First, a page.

Marjorie “Slim” Woodruff/Writers on the Range
Usually, I work as an educator at the bottom of Grand Canyon National Park. These days, because of the coronavirus, the park remains closed. It’s a good thing, because for some unknown reason, visitors here seemed to feel immune to a disease that thrives in crowds.
In mid-March, at Phantom Ranch at the bottom of the canyon, 40 hikers shared a table, merrily passing dishes around with their bare hands. A week later one of the hikers reported on social media that she had come down with C0VID-19.
Concessionaires were concerned enough to close the hotels and restaurants. There. Done. Except the train and busses dropped off a few hundred visitors at a pop. Parking lots were full. People jostled shoulder-to-shoulder at the lookouts and flocked onto the trails.
Our tiny general store was crowded with tourists until the end of March. Normally, visitors purchase a six-pack and chips. But the virus worried them enough that they loaded carts full of our meager supplies. Finally, the store limited visitation to 10 shoppers at a time, locked all but the front door, and marked six-foot intervals for the line, which went halfway out the parking lot.
Ah, but surely the trails were free and clear. No longer on the job, I hiked into the canyon to see the flowers in bloom, taking an early start to avoid the crowds. Except for that group of 30 kids on spring break. And that extended family of 10, and eventually, 300 other hikers.
The Bright Angel Trail is about six feet wide with a cliff on either side: one going up and one going down. You want to be cautious stepping aside. Alas, no one was stepping. I would see someone coming, cram in next to the cliff and hold my breath.
Except many of them wanted to chat. “How far to the river?” “Mmmm, don’t know, keep your distance. “
Six feet is surely not even sufficient when one is exercising hard. Panting, gasping, coughing and spitting send the nasty droplets of virus as far away as 12 feet.
I made it to the camping area where the redbud trees grow and idly watched an illegal camper argue with a park ranger. “Overnight permits had been cancelled, said the astonished camper, yet rangers were still on patrol?”
He contended that a bus driver told him he wouldn’t need a permit. The ranger assured him he was grossly misinformed and told him to move along. A half-hour later the camper was still proclaiming that he meant no harm and should stay, while the ranger was insisting, from 10 feet away, that he get out of Dodge. I left before she pulled out the citation book.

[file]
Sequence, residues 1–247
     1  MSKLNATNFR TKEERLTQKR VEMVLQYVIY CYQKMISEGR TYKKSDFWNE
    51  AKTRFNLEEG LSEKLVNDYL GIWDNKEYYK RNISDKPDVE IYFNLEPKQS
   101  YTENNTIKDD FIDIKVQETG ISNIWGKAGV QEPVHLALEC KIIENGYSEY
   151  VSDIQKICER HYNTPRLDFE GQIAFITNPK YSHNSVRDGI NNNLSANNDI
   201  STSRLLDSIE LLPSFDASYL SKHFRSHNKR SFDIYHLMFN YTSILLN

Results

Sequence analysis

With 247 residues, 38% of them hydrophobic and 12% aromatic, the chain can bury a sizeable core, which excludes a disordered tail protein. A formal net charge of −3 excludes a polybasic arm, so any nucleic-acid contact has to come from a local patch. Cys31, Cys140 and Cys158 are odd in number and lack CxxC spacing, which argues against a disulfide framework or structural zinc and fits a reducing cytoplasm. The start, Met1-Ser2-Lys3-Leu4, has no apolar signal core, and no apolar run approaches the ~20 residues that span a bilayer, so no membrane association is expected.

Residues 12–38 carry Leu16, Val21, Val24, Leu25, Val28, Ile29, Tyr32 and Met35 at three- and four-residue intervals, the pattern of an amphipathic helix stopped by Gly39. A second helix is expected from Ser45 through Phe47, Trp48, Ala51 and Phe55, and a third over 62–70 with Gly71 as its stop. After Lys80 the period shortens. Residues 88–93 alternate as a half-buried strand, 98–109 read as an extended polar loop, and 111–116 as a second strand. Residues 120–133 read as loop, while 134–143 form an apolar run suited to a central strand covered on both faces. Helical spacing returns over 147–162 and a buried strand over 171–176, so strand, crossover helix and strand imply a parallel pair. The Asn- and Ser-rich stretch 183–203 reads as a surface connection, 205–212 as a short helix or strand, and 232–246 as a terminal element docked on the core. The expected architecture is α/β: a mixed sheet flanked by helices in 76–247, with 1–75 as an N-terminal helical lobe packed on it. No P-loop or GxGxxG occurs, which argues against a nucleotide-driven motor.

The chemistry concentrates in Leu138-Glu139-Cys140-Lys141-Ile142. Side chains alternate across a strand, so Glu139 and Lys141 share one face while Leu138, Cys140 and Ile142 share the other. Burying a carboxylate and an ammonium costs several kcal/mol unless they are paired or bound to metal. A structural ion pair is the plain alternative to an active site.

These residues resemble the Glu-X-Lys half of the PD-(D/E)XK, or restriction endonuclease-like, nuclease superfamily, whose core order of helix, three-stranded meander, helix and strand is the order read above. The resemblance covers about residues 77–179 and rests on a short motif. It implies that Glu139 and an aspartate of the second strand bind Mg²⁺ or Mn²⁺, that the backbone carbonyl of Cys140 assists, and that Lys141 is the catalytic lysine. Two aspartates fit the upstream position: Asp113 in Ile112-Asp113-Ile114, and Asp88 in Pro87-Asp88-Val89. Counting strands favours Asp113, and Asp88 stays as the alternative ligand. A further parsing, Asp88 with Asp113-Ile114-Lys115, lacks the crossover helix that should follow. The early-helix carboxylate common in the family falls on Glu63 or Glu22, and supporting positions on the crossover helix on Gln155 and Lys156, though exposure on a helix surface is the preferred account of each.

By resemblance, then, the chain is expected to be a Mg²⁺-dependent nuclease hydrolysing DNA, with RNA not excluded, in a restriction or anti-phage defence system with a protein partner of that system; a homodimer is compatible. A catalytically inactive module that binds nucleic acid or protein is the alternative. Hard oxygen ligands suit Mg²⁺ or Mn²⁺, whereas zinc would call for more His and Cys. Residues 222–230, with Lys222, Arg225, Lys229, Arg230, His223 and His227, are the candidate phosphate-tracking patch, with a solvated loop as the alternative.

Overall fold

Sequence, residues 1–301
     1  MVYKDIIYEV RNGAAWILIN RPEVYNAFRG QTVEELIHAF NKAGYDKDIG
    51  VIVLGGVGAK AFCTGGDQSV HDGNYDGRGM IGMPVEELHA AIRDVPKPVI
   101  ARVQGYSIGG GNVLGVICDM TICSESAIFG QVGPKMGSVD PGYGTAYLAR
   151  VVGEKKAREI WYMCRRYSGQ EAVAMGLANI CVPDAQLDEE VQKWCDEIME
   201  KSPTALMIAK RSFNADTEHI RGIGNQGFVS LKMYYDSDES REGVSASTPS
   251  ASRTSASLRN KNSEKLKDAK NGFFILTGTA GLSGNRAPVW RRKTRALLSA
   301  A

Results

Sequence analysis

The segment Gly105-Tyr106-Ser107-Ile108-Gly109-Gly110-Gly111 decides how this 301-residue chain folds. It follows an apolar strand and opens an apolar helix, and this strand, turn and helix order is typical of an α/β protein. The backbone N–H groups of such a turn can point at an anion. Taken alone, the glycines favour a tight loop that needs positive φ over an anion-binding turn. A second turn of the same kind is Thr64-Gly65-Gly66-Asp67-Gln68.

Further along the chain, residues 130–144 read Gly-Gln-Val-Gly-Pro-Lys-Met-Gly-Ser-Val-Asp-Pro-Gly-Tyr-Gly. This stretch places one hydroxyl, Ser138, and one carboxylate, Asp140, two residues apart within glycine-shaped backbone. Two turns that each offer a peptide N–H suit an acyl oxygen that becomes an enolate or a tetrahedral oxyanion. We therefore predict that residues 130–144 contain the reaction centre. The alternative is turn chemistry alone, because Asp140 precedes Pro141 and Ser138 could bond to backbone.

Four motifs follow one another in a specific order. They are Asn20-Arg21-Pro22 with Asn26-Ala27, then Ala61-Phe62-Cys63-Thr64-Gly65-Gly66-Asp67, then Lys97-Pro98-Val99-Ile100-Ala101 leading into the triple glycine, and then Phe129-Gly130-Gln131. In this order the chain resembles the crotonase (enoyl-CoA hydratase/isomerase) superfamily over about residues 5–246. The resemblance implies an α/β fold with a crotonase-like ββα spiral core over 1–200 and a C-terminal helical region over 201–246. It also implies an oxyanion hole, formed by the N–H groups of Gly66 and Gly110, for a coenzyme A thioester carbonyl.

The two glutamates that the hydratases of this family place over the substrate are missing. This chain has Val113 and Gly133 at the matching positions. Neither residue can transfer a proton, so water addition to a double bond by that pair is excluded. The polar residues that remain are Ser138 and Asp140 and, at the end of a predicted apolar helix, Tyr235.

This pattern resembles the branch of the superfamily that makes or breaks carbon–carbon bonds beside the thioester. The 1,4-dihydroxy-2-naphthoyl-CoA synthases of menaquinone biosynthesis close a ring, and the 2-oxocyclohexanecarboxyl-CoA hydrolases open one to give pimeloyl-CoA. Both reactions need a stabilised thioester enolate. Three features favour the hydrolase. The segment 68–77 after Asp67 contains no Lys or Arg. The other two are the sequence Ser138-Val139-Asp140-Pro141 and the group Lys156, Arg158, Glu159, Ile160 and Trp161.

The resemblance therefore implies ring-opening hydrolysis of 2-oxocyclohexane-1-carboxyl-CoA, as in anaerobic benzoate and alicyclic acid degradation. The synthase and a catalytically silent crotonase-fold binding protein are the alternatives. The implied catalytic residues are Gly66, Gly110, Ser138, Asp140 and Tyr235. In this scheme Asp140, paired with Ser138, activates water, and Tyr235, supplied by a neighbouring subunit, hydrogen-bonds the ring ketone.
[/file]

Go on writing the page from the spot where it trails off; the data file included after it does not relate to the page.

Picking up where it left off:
By late March the park tried keeping only the main road open and blocking off roads to residential areas. But people just parked along the road and walked in or simply moved the cones. This enraged laid off workers who posted photos on social media of out-of-state license plates — many from virus epicenters.
On April 1 the Park closed: Nobody here now but us mostly unemployed chickens. The occasional entitled individual still manages to sneak in, only to be ratted out quickly.
I would like to be working. I have sewn 50 facemasks and sorted through 20 years of photos. I even vacuumed the rug. But I do not want to share cooties with hundreds of visitors from infected areas who laugh at me when I clamber up rocks to get out of their way. Or who sneer at my facemask as they crowd behind me in line until I fix them with my patented basilisk glare.
Our opening date has been moved back twice. Permits and reservations have been negated. My classes were canceled for April, then for May, then for June.
To reach any national park in the West, people have to travel. Travel is risky and helps spread the virus. As for the imagined wide-open spaces at Grand Canyon, you might want to picture a different reality. Just before the closedown, the park was more of a mosh pit with elk and squirrels.
People are understandably antsy and anxious to get outside, and the Grand Canyon is a wondrous place to visit. But the canyon will be here when this epidemic is but an unpleasant memory. If we do not treat this pandemic seriously, many of us may not be.
(Marjorie “Slim” Woodruff is a contributor to Writers on the Range.org, a nonprofit dedicated to spurring lively conversation about the West. She works as an educator at the bottom of Grand Canyon National Park, when it’s open.)